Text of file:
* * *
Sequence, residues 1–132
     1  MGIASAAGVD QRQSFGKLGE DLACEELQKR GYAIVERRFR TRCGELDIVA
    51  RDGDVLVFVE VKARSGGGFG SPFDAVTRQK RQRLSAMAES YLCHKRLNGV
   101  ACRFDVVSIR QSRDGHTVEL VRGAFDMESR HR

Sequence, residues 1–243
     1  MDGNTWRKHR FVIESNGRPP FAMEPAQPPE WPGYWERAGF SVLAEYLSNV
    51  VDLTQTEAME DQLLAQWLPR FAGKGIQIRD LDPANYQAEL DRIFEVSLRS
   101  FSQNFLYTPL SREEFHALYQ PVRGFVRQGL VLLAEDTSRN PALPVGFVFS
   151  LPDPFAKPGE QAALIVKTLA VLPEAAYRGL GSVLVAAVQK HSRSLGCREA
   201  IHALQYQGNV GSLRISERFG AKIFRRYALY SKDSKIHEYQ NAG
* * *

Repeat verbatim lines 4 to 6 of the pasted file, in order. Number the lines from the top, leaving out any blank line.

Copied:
   101  ACRFDVVSIR QSRDGHTVEL VRGAFDMESR HR

Sequence, residues 1–243
     1  MDGNTWRKHR FVIESNGRPP FAMEPAQPPE WPGYWERAGF SVLAEYLSNV